About nasal and sinus cancers:Nasal and sinus cancers are diseases in which malignant (cancer) cells form in the tissues of the paranasal sinuses and nasal cavity. Cancers of the nasal cavity and paranasal sinuses are rare, with about 2,000 cases in the United States each year. This type of cancer is prone to spreading through the lymph system or blood. This can cause it to begin growing in other areas of the body such as the lungs. The earlier cancer diagnosed, the easier it is to stop the spread of cancer cells. Paranasal sinus and nasal cavity cancers can often be caused by prolonged exposure to hazardous chemicals or dust. For this reason, people who work around these materials are at a much higher risk.
Types of nasal and sinus cancers:There are several different forms of cancer that can develop in the nasal cavity and sinuses. These include:
- Squamous cell carcinoma – The most common form of nasal/sinus cancer. This type of carcinoma forms in squamous cells, which line the sinuses and nasal cavity.
- Melanoma – A form of cancer that occurs in the skin cells of the nose.
- Sarcomas – A form of cancer that occurs in muscles and other connective tissue that surrounds the nose or sinuses.
- Inverting papilloma – A benign (non-cancerous) tumour that forms inside the nose. Sometimes, these tumours can turn into cancer.
Causes and risk factors for nasal/sinus cancers:There are several common risk factors associated with nasal and sinus cancer. A risk factor is something that increases the likelihood of cancer occurring. However, risk factors do not guarantee that nasal or sinus cancers will form. Common risk factors include:
- Exposure to hazardous chemicals – People who regularly handle or breath chemicals such as chromium, nickel, or formaldehyde are at a much higher risk of developing cancer in their nose or sinuses.
- Constant exposure to wood dust – People who work around wood are at an increased risk of developing nasal/sinus cancers. This may include people who work in carpentry, furniture making and sawmill work.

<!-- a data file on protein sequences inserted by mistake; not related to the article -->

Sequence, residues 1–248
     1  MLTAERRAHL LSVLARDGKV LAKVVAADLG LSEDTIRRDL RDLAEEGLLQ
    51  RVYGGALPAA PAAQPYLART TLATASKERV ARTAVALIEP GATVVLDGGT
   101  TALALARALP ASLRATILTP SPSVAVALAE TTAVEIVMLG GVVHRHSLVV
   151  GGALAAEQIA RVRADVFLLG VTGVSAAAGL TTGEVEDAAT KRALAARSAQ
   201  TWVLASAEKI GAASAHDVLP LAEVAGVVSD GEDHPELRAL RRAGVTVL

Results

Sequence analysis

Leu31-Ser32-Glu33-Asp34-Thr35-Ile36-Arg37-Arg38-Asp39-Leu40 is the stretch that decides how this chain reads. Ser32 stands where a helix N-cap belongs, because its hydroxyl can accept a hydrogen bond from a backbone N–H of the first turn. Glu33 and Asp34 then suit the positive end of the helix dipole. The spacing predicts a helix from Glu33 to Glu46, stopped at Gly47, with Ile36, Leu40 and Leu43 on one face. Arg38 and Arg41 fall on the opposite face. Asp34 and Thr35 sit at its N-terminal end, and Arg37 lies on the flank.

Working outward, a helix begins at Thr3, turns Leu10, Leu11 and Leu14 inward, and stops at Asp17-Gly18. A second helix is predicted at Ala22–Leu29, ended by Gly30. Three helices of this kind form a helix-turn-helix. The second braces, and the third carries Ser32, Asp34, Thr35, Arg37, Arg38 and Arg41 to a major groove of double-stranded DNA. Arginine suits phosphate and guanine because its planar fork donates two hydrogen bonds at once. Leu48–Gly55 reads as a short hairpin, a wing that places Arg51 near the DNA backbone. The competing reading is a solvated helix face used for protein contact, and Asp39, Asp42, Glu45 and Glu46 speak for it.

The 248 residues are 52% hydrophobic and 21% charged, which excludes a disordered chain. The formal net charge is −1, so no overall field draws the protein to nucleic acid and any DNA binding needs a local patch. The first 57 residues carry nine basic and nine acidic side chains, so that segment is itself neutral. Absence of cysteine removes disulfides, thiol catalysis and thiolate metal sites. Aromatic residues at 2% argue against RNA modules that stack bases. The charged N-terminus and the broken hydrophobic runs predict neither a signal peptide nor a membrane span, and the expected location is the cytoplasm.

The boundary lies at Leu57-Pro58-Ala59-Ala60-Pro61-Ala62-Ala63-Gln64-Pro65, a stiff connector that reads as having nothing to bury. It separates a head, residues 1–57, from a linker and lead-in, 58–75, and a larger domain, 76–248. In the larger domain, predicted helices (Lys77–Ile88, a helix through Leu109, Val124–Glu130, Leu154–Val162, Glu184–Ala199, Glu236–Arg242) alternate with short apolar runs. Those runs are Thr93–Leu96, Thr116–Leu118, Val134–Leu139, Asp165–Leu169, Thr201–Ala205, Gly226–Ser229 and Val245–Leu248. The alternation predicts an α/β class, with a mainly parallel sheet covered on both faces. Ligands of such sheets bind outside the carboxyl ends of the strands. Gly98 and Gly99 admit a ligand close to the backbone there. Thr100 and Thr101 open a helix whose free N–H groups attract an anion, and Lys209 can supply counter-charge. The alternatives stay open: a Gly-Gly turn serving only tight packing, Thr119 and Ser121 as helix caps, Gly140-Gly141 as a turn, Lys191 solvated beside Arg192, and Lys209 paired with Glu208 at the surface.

- Smoking – Tobacco smokers may be at an increased risk of developing nasal/sinus cancers.
- HPV – Human papillomavirus infection (HPV) is the most common sexually transmitted infection (STI). People who have had HPV may be at a slightly higher risk.
How are nasal and sinus cancers diagnosed?When you see a doctor, they will usually conduct a physical examination. This will often involve blood tests, asking questions about symptoms and physically examining the nose and sinuses. Following a physical examination, a doctor may recommend one or more of the following:
- X-rays or MRI – Imaging techniques such as x-rays and MRIs may be used to examine the suspected tumour more closely. These tests may also be used to look around other parts of the body and identify any cancer that has spread.
- Biopsy – A biopsy is when some tissue is removed from the source of a suspected tumour to test for abnormalities. For nasal cancers, the doctor will often use a thin needle to remove tissue and examine it under a microscope for signs of cancer.
- Nanoscopy – A nanoscopy is when a thin, tube-like instrument is inserted into the nose. The instrument will have a light and a leans, allowing doctors to get a better view. A special part of the tool may be used to remove tissue for sampling (see Biopsy above).